lean bean

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Re: Gravity in special relativity
« Reply #6 on: 02/02/2013 22:18:23 »
The trick to remember is how we defined physics experimentally, what you measure is what you get. Your measurements must define your reality, if you say they don't? Well, then you're a theorist and also looking for something 'hiding' behind the apparent 'screen of reality'.
Back in january I said something of the same about reality and what's the so called truth
Quote
If from experiment and observation we create our reality and so our models (GR), then in what other way do you wish to explain reality if not by models?
 Observation, and so our models, suggests something about mass/energy alters spacetime in their vicinity.
Can you suggest a way of getting to the fundamental ''truth'' (whatever that means) and how we will know it is the fundamental ''truth'' and not just a very good model?
http://www.thenakedscientists.com/forum/index.php?topic=46551.msg403106#msg403106




 

Offline Pmb

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Re: Gravity in special relativity
« Reply #7 on: 02/02/2013 23:48:22 »
Quote from: Ethos
But those who keep an open mind are more inclined to recognize the truth when it appears.
This person sure wasnít one of those people with an open mind. But with what you said in mind I tried to explain things a bit more to him in PM. He didnít respond well to that so I just plopped him into the ignore list and thatís that. All forums should have that function. Perhaps Iím just getting old and am tired of the disrespect that Iím being shown by people. I mean, Iím a well educated (about two years worth of graduate work in physics) physicist whose been studying the field for close to thirty years now. Fifteen to twenty years of them in relativity, and over fourteen years experience in general relativity. Iím certainly no slouch. And frankly, yes. Iím starting to get a bit pissed off at the disrespect that Iíve been shown by some people and for no other reason other than theyíve been studying physics for five to ten years and they think they know everything and if they see me say something theyíre not familiar with I must be an idiot and if what theyíre reading confuses them then it must be I who is confusing them. I  mean these people donít even know more than algebra, start talking about the lightís frame of reference, the proper time etc. All nonsense. And they claim its all because Iím being confusing!  Well how then hell am I supposed to know who Iím talking to? I have no idea who people reading these posts are and its hard to write an explanation that everyone from all levels of knowledge and education can understand.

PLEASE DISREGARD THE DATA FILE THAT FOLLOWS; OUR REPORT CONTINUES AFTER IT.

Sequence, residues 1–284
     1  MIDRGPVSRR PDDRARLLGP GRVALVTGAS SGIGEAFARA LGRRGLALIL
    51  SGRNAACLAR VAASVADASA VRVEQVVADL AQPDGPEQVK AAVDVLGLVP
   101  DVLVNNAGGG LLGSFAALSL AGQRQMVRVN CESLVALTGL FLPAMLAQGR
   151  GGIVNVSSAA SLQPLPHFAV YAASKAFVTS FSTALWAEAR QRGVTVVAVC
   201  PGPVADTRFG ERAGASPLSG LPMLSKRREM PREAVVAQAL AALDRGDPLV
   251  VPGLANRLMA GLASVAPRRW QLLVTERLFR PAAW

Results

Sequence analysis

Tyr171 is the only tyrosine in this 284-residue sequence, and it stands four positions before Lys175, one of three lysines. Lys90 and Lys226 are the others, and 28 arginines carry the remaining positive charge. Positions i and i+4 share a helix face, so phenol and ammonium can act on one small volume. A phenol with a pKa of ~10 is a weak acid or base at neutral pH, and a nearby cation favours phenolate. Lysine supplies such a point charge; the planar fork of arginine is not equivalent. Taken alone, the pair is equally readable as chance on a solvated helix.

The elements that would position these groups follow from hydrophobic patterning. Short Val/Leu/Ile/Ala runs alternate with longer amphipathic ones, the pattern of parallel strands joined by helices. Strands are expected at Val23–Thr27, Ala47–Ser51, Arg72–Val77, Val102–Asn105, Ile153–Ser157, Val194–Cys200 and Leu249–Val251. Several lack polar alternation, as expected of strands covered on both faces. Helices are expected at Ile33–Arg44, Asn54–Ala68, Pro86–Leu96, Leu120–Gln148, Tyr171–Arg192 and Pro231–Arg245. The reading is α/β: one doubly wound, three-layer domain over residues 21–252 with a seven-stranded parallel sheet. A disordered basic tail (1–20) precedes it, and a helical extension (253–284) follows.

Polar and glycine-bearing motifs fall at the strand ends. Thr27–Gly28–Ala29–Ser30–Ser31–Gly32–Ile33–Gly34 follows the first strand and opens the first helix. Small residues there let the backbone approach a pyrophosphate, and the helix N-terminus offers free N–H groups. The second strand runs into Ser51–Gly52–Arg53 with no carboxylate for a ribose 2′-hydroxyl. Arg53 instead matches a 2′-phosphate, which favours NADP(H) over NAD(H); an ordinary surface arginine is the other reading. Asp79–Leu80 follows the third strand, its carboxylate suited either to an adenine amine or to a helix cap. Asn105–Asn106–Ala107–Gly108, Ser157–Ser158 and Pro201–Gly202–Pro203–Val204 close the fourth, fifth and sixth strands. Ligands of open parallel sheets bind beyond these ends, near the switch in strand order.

I gotta tell ya. Itís really frustrating! Most of the people I help to understand physics in these forums were still eggs when I started studying physics! :)   And no. This is not arrogance whatsoever.
 

Offline JP

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Re: Gravity in special relativity
« Reply #8 on: 02/02/2013 23:52:07 »
Pmb, while I can plug-and-chug in the equations, what I find I'm lacking is a physical intuition for curvature vs. flat spacetime vs. the special case of Minkowski spacetime.   Can you provide any intuition to the geometry described in the flat spacetime in your example above vs. Minkowski vs. curved space-time?  Is it akin to the fact that you can have a curve y=0, which is flat and constant vs. y=x, which is flat and non-constant vs. higher order polynomials which are always curved?
 

Offline yor_on

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Re: Gravity in special relativity
« Reply #9 on: 02/02/2013 23:59:32 »
Don't really know what's a absolute truth? Observer dependencies maybe could be one? If you look how some theorist today want to prove a propagation of light by using so called weak measurements (indirect observations deducting a propagation from) where does the archetype for that come from? I would say it comes from our classical observations of motion. Each one of us seems to me, depending on how far you want to draw your conclusions about relativistic effects, in a way very unique. We will find different measurements, all of us have it that way, as I think, even if they might be too small to be measurable.